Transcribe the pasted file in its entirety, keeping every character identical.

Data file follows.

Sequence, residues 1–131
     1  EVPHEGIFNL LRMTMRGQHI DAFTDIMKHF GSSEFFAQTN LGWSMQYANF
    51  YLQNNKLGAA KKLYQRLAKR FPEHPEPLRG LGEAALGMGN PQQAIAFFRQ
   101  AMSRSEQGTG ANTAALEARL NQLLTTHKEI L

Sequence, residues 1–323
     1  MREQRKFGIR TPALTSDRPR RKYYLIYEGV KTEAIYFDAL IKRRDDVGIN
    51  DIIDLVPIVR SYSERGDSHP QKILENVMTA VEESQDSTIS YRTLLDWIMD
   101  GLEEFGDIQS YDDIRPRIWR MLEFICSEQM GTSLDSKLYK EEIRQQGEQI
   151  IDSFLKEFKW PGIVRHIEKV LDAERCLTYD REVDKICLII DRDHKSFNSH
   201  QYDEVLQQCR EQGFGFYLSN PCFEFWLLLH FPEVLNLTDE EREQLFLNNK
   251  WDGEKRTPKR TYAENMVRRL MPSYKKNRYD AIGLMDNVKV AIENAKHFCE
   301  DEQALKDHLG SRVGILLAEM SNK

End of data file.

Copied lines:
Sequence, residues 1–131
     1  EVPHEGIFNL LRMTMRGQHI DAFTDIMKHF GSSEFFAQTN LGWSMQYANF
    51  YLQNNKLGAA KKLYQRLAKR FPEHPEPLRG LGEAALGMGN PQQAIAFFRQ
   101  AMSRSEQGTG ANTAALEARL NQLLTTHKEI L

Sequence, residues 1–323
     1  MREQRKFGIR TPALTSDRPR RKYYLIYEGV KTEAIYFDAL IKRRDDVGIN
    51  DIIDLVPIVR SYSERGDSHP QKILENVMTA VEESQDSTIS YRTLLDWIMD
   101  GLEEFGDIQS YDDIRPRIWR MLEFICSEQM GTSLDSKLYK EEIRQQGEQI
   151  IDSFLKEFKW PGIVRHIEKV LDAERCLTYD REVDKICLII DRDHKSFNSH
   201  QYDEVLQQCR EQGFGFYLSN PCFEFWLLLH FPEVLNLTDE EREQLFLNNK
   251  WDGEKRTPKR TYAENMVRRL MPSYKKNRYD AIGLMDNVKV AIENAKHFCE
   301  DEQALKDHLG SRVGILLAEM SNK